No way, Jose. I wouldn't even keep a brand new set. Wikipedia is my friend.
Wikipedia is not a valid reference.... As a teacher this is a major pet peeve....
post #12 of 32
No I would not. You can go to by a subscription to encyclopedias or some libraries have one open to anyone.

Wikipedia is not a valid source for research but you need to be teaching your child that and how to find valid information.

Wikipedia can be an awesome starting point if you know nothing but you should always search further.
post #13 of 32
Everything is biased. Humans are biased. The winners get to write the history books. I'm not going to find an unbiased source of information.
post #14 of 32
Yeah, another person who would REALLY not encourage teaching your child that Wikipedia is a valid source. They'll have to learn otherwise when they get to college anyway, so you might as well teach them to do research the correct way now.
post #15 of 32
I wouldn't keep a set of encyclopedias but I have kept outdated science and history books. As he grew, they became an invaluable resouce of how science changes as scientists learn and discover new things. How history and science isn't static or set in stone but expands as knowledge is gained and changed with new discoveries.
post #16 of 32
Quote:
Originally Posted by zjande View Post
Everything is biased. Humans are biased. The winners get to write the history books. I'm not going to find an unbiased source of information.
Who said "unbiased"? Wikipedia is unreliable, period. It's hit or miss whether the article you're looking at was written by someone who knows what they're talking about, whether it's been changed as someone's idea of a joke, and if any of the information is even correct.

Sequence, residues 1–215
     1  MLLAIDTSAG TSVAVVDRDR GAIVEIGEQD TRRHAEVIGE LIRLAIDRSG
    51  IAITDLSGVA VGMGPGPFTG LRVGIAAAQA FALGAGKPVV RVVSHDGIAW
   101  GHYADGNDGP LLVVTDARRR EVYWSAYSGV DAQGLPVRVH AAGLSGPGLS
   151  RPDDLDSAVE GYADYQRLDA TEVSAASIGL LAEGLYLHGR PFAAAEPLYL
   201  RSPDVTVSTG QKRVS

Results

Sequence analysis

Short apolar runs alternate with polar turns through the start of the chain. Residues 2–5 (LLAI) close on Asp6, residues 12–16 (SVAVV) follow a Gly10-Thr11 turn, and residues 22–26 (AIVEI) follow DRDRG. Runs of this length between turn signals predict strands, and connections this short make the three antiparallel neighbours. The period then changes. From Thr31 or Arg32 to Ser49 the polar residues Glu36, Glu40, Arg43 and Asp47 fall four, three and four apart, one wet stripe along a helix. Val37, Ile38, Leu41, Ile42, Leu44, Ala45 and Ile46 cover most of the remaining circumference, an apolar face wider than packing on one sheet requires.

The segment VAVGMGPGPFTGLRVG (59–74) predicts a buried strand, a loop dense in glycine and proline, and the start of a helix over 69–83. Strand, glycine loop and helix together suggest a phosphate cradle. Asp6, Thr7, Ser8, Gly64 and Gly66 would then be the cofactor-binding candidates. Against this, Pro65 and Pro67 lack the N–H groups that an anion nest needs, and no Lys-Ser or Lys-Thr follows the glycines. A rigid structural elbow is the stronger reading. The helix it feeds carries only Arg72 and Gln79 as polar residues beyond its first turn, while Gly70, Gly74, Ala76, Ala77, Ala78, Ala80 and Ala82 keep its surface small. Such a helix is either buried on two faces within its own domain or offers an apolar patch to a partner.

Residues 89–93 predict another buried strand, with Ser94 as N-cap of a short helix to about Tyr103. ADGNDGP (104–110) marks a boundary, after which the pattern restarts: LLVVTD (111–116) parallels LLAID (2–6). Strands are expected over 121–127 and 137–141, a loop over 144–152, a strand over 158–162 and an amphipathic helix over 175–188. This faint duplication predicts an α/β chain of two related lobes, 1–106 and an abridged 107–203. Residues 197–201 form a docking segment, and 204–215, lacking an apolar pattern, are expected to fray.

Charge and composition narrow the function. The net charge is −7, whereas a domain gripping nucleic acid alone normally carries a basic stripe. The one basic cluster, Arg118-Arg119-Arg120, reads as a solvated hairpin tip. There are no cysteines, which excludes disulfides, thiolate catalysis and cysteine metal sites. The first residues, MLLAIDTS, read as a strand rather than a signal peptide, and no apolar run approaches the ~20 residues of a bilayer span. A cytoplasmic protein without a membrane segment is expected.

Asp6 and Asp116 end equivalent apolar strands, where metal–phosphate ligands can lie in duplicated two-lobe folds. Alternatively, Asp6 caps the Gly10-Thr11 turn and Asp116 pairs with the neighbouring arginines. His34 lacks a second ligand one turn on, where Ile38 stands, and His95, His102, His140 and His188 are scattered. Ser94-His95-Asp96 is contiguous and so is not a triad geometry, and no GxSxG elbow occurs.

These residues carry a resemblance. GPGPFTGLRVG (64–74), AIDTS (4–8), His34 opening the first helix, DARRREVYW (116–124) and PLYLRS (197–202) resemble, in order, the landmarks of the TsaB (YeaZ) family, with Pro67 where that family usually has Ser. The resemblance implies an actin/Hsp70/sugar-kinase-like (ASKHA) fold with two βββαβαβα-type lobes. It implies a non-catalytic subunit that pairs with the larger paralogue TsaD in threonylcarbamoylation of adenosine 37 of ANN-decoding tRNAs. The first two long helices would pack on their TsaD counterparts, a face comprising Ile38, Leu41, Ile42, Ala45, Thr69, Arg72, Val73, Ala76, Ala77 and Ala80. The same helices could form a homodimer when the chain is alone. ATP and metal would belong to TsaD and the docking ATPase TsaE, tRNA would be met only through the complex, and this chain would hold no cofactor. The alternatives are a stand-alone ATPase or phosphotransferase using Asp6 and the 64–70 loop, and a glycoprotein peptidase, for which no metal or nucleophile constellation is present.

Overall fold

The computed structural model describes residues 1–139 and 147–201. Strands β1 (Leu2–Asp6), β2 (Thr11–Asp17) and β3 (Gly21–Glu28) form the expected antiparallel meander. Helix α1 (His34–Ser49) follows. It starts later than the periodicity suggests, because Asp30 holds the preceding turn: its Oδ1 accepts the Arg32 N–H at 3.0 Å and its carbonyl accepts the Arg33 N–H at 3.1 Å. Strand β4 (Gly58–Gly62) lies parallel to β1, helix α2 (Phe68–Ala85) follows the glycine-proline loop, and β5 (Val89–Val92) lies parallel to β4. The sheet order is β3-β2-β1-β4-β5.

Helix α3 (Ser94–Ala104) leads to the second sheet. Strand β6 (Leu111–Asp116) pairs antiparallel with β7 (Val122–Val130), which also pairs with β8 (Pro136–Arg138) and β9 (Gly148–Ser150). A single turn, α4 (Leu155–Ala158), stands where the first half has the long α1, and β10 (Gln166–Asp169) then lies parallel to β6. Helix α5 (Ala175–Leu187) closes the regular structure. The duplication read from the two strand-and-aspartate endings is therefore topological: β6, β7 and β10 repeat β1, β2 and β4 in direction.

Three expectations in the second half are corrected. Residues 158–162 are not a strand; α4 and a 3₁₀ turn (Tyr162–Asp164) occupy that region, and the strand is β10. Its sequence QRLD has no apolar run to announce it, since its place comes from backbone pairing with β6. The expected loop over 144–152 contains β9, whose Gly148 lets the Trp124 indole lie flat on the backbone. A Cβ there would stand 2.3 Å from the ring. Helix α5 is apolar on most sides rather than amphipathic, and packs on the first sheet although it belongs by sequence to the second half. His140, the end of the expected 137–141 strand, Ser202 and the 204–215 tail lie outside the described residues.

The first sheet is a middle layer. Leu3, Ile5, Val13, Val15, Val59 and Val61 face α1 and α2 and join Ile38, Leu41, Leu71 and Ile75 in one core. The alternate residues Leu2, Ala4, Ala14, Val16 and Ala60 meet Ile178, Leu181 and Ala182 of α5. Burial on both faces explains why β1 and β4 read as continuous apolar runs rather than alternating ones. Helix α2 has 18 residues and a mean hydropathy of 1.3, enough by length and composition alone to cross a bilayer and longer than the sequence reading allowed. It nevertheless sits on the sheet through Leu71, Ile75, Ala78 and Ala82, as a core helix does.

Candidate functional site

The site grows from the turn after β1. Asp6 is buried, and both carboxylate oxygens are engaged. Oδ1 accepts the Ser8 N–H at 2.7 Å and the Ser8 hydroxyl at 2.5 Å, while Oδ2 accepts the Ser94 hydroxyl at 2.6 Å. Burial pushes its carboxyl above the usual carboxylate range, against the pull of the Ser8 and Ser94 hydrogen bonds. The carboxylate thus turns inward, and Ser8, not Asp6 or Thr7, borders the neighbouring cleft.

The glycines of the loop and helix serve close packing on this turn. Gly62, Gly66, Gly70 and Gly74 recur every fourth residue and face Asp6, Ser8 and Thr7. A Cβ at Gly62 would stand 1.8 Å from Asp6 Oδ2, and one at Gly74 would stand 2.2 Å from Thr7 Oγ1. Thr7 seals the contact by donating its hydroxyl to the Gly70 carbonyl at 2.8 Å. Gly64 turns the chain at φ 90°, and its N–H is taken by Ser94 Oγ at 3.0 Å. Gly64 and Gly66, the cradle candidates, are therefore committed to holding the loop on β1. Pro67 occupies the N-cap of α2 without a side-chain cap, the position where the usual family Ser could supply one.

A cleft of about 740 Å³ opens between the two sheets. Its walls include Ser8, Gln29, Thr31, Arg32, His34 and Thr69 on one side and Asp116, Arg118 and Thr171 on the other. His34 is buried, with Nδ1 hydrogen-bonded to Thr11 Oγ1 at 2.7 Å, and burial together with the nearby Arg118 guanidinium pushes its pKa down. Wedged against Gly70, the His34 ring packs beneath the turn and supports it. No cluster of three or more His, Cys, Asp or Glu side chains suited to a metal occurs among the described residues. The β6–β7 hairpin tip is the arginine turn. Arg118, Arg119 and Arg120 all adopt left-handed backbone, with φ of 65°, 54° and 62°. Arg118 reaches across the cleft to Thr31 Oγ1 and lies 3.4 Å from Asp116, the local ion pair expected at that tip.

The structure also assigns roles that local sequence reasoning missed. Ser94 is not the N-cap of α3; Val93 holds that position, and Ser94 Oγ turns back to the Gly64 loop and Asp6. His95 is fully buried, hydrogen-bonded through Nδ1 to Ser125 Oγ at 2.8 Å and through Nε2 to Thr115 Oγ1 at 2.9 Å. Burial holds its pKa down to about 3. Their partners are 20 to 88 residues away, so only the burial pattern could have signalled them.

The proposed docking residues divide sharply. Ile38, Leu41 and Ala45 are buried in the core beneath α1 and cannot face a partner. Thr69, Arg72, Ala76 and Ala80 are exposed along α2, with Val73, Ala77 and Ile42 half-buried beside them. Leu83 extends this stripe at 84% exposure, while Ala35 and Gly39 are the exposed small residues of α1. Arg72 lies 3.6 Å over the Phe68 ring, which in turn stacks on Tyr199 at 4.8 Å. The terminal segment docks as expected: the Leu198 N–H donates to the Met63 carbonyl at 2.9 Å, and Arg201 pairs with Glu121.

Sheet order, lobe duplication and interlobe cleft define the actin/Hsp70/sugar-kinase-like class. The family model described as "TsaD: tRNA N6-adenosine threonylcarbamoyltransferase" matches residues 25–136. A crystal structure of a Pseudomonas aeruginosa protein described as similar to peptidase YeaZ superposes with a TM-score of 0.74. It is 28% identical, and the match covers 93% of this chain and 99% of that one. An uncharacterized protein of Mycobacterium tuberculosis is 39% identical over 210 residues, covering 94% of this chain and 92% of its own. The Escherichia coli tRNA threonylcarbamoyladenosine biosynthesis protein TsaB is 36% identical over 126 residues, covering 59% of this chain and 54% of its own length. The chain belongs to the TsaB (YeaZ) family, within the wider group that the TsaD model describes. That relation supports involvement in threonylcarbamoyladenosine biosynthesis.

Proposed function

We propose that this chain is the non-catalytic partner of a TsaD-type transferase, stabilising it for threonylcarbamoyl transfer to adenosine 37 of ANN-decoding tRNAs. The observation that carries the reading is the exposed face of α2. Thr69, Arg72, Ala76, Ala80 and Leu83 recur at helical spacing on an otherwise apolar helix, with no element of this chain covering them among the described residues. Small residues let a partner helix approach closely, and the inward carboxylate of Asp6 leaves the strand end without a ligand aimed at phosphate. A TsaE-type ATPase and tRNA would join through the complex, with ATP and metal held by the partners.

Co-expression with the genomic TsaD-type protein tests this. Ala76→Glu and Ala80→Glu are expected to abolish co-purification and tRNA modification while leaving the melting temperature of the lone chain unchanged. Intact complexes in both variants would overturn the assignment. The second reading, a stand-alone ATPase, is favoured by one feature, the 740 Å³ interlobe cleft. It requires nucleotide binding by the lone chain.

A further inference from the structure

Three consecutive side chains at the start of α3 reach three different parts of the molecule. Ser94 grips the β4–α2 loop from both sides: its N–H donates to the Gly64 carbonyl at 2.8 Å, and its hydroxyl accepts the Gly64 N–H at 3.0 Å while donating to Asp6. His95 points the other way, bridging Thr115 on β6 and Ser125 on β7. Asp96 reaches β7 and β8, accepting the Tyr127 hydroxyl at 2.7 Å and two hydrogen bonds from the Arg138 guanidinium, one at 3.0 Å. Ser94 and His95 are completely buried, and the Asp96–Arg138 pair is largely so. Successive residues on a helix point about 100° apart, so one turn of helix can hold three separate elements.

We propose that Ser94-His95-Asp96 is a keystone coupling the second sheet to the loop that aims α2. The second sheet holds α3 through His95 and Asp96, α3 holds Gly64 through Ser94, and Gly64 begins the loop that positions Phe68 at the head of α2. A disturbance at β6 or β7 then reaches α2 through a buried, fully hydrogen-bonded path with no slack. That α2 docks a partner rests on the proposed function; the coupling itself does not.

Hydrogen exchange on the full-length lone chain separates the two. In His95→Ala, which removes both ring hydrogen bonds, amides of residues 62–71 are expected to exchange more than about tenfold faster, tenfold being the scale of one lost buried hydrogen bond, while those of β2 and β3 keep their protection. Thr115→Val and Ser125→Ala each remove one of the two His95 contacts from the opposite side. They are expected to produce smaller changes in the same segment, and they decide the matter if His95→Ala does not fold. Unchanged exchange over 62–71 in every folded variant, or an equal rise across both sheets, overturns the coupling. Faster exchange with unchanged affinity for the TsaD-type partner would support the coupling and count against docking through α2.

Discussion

post #17 of 32
Well then, instead of saying "Wikipedia is my friend", pretend I said, "the internet is my friend." "Wikipedia" just sounded good because we're talking about encyclopedias. Whatever site one uses, personally I would not waste all the shelf space a set of encyclopedias would take up. I would research things on the internet instead. And even then I'd take it all with a grain of salt! But at least the information wouldn't be taking up my shelf space!lol
post #18 of 32
Quote:
Originally Posted by zebra15 View Post
YES!.... Not so much for reference but for history.
If I had the space and assuming the books were in good condition I would take them in a second.

Ds and I love learning about the way things were, what people thought, how things were done... a complete set of 45yr old encyclopedias would be awesome

Me too!! My parents have the set that we had when I was a kid (they are from the late 70s) I loved them!! I would happily keep a set like that!
post #19 of 32
Quote:
Originally Posted by zebra15 View Post
Wikipedia is not a valid reference.... As a teacher this is a major pet peeve....
However Wikipedia is an excellent starting point for research. It often offers information in a succinct and clear format and then follows that up with loads and loads of sources. So you look it up on Wikipedia and then you follow their source trails, viola, excellent research! It doesn't mean you specifically cite Wikipedia, it means you use it as a resource. You don't cite the card catalog!
post #20 of 32
Quote:
Originally Posted by tbone_kneegrabber View Post
However Wikipedia is an excellent starting point for research. It often offers information in a succinct and clear format and then follows that up with loads and loads of sources. So you look it up on Wikipedia and then you follow their source trails, viola, excellent research! It doesn't mean you specifically cite Wikipedia, it means you use it as a resource. You don't cite the card catalog!
i agree. it's not my "go-to" site (especially regarding hot topics such as politics, people,. etc), but it otherwise serves as a pretty good source for most things i need to reference.